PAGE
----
Can I type well enough on an iPad to write a concert review?
Can I sleep? (No.) So I may as well try.
What does this thing autocorrect “SLCR” into? Evidently nothing, or "slur" if you write it in lowercase.
I am lying awake in a bed in a motel in Edmonton. I have lots of family in this town, but apart from funerals, it seems that all of my Edmonton trips involve me driving into town, poking around West Edmonton Mall despite there being little of interest there, going to a show, sleeping, and leaving. I don't feel right taking advantage of someone's hospitality if I'm not going to spend any time actually visiting. So I hotel it up, always at the same Super 8-slash-truckstop because one time, Dave booked a room for us here because we were going to wrestling and the Super 8 was centrally located between the big mall and the arena. That's how I make my life decisions: go with what someone else chose for me over a decade ago under different circumstances.
Yesterday's concert was John K. Samson, the lead singer of The Weakerthans, but since I told my Edmonton history, I may as well talk about Ben Folds instead, since that's why I'm here. I wonder if there's a precedent for writing concert reviews out of order? I know I've never posted them out of order. If only I wasn't too lazy to call the front desk and get a Wi-Fi passcode, I could look these things up. Or, more likely, I'd read a bunch of garbage from my Google Reader instead of doing this.
So far, this is no more annoying than typing on the netbook used to be. Check that - editing is a slower process, and using anything beyond the most basic punctuation is a bit of a drag.
I'd seen Ben Folds once before, in Fargo, an eight-hour drive from Regina. Edmonton is also an eight-hour drive from Regina. Mayhaps my city has a force field. You'd think he'd like it there; its pun potential really is unparalleled.
Regina also has a symphony orchestra. When I found out that Folds was going to be playing with the Edmonton Symphony Orchestra, I immediately began my campaign to bring him to Regina. I did this by asking the Regina Symphony nicely via Twitter. I am sad to report that social media has disappointed me for the first time, and the Regina Symphony was not willing to rearrange their schedule at the last minute at great expense in order to satisfy my whim.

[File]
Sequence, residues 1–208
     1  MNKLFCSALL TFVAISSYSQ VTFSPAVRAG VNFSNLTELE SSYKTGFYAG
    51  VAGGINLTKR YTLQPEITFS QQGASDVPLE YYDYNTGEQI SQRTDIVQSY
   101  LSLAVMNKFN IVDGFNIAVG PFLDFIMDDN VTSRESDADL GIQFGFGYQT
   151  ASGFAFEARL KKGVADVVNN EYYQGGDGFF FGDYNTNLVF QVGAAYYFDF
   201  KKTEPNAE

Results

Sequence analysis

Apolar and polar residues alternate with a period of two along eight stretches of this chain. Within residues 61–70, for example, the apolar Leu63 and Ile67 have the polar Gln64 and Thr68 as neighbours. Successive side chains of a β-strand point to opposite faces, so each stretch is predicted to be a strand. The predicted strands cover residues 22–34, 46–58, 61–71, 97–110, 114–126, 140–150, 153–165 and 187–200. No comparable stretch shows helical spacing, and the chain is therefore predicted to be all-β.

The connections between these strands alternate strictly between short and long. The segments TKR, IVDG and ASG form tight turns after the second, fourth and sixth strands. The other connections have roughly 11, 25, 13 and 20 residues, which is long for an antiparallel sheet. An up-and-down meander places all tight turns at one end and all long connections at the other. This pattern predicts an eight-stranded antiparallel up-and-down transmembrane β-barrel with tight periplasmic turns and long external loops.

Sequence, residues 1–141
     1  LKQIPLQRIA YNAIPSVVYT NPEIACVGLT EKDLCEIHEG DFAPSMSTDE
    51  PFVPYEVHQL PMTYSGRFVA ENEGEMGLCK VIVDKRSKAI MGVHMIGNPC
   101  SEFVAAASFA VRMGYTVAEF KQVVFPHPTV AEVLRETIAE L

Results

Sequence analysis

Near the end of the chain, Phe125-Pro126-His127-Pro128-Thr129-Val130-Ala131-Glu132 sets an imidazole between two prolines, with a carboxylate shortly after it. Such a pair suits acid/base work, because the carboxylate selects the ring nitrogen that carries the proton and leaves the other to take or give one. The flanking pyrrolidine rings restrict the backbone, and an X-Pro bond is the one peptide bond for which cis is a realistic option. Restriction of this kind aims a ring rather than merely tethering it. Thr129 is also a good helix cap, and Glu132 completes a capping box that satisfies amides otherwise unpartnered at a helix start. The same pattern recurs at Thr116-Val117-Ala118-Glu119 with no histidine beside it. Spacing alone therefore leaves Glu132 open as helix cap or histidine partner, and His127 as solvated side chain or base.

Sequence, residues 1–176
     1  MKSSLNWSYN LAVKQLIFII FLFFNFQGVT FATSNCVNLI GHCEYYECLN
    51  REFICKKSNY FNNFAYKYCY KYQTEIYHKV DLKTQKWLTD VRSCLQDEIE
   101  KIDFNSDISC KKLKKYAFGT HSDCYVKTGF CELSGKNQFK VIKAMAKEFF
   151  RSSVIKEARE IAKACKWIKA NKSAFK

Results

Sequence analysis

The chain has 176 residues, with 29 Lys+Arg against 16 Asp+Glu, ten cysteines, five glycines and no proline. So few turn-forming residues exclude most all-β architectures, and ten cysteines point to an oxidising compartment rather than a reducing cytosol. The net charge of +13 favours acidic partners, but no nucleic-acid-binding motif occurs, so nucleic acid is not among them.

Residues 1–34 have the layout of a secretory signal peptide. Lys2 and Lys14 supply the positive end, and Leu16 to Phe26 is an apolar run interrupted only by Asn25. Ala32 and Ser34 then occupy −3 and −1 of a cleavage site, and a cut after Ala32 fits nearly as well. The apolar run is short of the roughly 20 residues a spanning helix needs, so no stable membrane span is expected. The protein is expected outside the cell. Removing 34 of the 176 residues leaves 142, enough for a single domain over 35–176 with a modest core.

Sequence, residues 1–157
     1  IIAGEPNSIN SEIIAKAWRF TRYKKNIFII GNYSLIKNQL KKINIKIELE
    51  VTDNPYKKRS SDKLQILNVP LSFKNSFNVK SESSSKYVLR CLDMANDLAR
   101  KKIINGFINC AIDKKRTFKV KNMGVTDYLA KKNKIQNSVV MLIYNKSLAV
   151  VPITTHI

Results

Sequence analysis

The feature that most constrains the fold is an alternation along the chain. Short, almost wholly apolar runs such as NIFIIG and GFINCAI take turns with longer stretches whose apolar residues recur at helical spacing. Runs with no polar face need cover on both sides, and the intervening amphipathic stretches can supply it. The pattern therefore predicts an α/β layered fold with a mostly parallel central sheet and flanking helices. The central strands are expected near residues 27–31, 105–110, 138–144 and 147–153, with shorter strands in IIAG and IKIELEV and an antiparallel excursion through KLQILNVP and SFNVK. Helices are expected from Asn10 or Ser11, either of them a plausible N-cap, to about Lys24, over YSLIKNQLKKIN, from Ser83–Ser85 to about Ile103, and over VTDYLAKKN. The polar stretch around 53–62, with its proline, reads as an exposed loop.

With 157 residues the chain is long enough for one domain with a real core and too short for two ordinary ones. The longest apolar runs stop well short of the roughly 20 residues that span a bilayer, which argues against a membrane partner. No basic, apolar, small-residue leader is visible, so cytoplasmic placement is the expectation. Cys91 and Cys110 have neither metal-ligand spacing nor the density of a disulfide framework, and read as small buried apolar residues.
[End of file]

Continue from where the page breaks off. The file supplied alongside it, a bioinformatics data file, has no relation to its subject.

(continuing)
I might even have said "please." If not, I blame the character limit.
Still stinging from the rejection, I made the long drive from Regina to Edmonton, filled with memories of that Fargo show. It had been worth the drive, but a symphony show is a different beast. By its very nature, it has to be more structured, with less room for playing around. I have the DVD that Folds released of his shows with the Western Australian Symphony Orchestra. I haven't watched it in a while, and when I got this ticket, I intentionally avoided so much as looking at the track list because I was expecting a lot of similarities.
I found the Super 8 on the first try. You'd think I'd have that pretty much cased by now, but you don't know of my legendary ability to get lost in my own house. I also found the mall on the first try. The Winspear Centre, on the other hand, that one took some doing. The Google Maps map was actually pretty accurate, but some badly timed glare meant a lot of extra driving around for me. I only tried to go the wrong way down one one-way street, so that was a success.
The venue, it should be noted, is beautiful. Similar in size and function to the Conexus Arts Centre in Regina or TCU Place in Saskatoon, but much more attractive. I felt underdressed. I probably should have considered that this was an actual symphony concert and not just a rock show. But then the conductor took the stage via bicycle, so maybe I need not worry.
I drive eight hours to see Ben Folds because he rarely comes to Canada. I think this is the first show of his that I've heard of outside Toronto or Vancouver. Judging by the crowd reaction, a full tour is long overdue. The guy got a standing ovation just for showing up, opening notes of songs got raucous applause, and the crowd knew to sing the horn section of Army without being prompted.